The Declaration Of Independence

   The first instance of an open discussion by the delegates assembled in Congress of the idea of declaring independence from Great Britain was mentioned on Monday, the 15th of January, 1776 in a letter from Samuel Adams to John Adams.

   The delegates had started to call the group of colonies and provinces the United Colonies at some time between June 10 and June 17, 1775. Prior to that, as for example in the Plan of Association of 1774, they referred to themselves as the "テveral Colonies of New-Hampドire, Maピachテtts-Bay, Rhode Iネand, Connecticut, New York, New Jerテy, Pennペlvania, the Three Lower Counties of Newcaフle, Kent and Suピex on Delaware, Maryland, Virginia, North Carolina and South Carolina". Even on June 10 resolutions included the wording "the several colonies..."

   On the 14th of June a resolution was passed by the Congress calling for the raising of companies of expert riflemen to aid in the siege of Boston. The delegates, no doubt, adopted the title of "United Colonies" at that time in view of the fact that in order for the companies of militia to work together as a united fighting unit, the colonies alike would have to work together as a union. On Saturday, June 17 the Congress took into consideration a draft of the letter commissioning George Washington to the position of "General and Commander-in-Chief of the army of the United Colonies". Although the name was brought into common usage, the delegates to the Continental Congress continued to express their hopes of a reconciliation with the mother country. The Olive Branch Petition was an example of those hopes.

   Although the idea of independence might have been discussed in private, it simply did not come up in any of the officially recorded discussions of the Congress until early 1776. The letter from Samuel Adams to John Adams noted that:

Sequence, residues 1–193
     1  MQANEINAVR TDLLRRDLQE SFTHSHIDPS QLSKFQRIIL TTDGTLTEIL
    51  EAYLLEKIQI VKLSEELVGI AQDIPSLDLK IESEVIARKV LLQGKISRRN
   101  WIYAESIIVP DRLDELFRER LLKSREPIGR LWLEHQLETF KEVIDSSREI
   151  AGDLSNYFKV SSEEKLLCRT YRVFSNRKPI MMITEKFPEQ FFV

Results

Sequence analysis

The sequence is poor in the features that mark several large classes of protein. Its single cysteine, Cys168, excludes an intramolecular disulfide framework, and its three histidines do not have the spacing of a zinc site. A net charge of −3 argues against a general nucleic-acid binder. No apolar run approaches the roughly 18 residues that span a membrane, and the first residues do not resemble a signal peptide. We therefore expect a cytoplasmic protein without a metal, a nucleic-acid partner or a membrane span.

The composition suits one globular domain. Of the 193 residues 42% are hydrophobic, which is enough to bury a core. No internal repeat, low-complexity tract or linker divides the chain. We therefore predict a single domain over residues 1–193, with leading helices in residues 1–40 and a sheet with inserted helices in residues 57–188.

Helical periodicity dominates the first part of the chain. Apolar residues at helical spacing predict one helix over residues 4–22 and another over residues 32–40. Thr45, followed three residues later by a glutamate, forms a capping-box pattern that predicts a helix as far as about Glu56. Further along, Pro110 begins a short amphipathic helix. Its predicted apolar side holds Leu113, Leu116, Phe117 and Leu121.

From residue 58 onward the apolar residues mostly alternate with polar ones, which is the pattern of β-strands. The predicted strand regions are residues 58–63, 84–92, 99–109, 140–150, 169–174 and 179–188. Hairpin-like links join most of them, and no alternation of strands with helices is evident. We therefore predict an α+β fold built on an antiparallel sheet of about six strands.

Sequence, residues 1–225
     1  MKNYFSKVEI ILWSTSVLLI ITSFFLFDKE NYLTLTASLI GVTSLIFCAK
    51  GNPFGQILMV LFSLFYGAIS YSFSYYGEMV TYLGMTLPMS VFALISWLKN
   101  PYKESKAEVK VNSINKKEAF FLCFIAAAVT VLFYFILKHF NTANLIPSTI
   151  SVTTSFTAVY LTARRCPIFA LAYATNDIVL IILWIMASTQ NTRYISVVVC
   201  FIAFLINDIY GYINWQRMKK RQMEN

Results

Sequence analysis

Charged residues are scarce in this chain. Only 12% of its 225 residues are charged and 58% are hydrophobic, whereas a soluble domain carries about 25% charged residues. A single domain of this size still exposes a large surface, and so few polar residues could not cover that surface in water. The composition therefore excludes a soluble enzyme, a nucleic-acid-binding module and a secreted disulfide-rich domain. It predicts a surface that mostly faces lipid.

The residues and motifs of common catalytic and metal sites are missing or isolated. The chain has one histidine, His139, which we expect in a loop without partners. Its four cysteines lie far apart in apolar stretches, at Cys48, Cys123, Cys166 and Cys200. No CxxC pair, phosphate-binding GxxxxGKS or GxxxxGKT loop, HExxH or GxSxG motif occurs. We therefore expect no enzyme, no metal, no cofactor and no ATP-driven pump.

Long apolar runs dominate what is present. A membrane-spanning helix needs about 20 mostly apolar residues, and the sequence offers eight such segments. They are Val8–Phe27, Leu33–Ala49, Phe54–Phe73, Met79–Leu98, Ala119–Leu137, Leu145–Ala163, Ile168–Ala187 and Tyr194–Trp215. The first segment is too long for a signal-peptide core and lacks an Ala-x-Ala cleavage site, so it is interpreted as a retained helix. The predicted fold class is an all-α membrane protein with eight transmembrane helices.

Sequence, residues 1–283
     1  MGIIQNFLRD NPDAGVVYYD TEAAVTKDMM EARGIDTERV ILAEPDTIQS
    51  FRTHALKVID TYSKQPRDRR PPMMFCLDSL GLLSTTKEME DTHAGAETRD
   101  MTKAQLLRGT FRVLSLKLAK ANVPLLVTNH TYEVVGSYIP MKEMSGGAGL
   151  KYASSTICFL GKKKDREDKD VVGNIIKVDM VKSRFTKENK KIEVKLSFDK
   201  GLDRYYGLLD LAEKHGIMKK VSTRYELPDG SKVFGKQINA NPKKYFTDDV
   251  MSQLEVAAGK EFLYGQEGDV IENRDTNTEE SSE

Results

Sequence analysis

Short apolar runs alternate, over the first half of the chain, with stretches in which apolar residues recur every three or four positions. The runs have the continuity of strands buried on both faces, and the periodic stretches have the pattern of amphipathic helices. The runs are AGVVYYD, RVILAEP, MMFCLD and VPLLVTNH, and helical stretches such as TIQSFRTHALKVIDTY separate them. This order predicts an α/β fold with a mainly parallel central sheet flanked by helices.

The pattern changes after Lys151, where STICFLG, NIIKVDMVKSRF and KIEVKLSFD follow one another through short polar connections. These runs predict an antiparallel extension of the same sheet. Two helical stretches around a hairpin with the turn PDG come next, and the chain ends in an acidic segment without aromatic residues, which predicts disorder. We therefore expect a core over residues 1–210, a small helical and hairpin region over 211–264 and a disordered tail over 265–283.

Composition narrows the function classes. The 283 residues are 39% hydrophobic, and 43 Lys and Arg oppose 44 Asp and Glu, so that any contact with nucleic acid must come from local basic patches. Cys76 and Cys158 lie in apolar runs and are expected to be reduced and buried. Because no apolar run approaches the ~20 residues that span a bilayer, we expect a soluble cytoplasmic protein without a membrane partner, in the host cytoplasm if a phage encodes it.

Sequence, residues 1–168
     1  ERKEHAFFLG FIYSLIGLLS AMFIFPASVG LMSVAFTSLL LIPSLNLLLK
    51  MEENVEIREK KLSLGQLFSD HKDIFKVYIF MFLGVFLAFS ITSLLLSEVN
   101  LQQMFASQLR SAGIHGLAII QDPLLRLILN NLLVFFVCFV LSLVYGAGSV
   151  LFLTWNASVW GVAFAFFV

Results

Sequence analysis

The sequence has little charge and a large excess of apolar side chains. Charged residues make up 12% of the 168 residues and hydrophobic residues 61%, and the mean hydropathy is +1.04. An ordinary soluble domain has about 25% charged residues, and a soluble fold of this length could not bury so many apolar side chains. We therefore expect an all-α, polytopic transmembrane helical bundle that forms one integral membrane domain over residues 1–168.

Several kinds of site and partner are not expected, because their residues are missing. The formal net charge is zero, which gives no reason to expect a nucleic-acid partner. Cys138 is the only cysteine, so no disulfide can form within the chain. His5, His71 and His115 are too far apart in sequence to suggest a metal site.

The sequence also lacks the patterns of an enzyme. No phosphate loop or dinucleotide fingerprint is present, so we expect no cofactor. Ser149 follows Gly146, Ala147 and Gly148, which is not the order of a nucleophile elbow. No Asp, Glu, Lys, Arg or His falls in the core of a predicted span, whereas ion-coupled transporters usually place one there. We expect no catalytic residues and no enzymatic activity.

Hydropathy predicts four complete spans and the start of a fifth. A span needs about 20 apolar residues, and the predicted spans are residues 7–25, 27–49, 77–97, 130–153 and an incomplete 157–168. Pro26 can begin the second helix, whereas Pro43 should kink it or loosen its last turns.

"A motion was made in Congress the other day, to the following purpose: That whereas we had been charged with aiming at independency, a committee should be appointed to explain to the people at large the principles and grounds of our opposition, etc."

   The subject had been discussed by some of the delegates but not as part of the official proceedings of the Congress. And, as noted in the first newsletter of this year, under the title of "The Olive Branch Petition", the delegates were not all of the same opinion on the subject of independence from Great Britain.

   The committee that had been appointed to draft a letter to the inhabitants of the colonies in America came back to the Congress on the 13th of February, 1776. In the letter they had composed they stated that

   "We are accused of carrying on the War 'for the purpose of establishing an independent empire' ", [but that] "We disavow the intention. We declare, that what we aim at, and what we are entrusted by you to pursue, is the Defence and the re-establishment of the constitutional rights of the Colonies."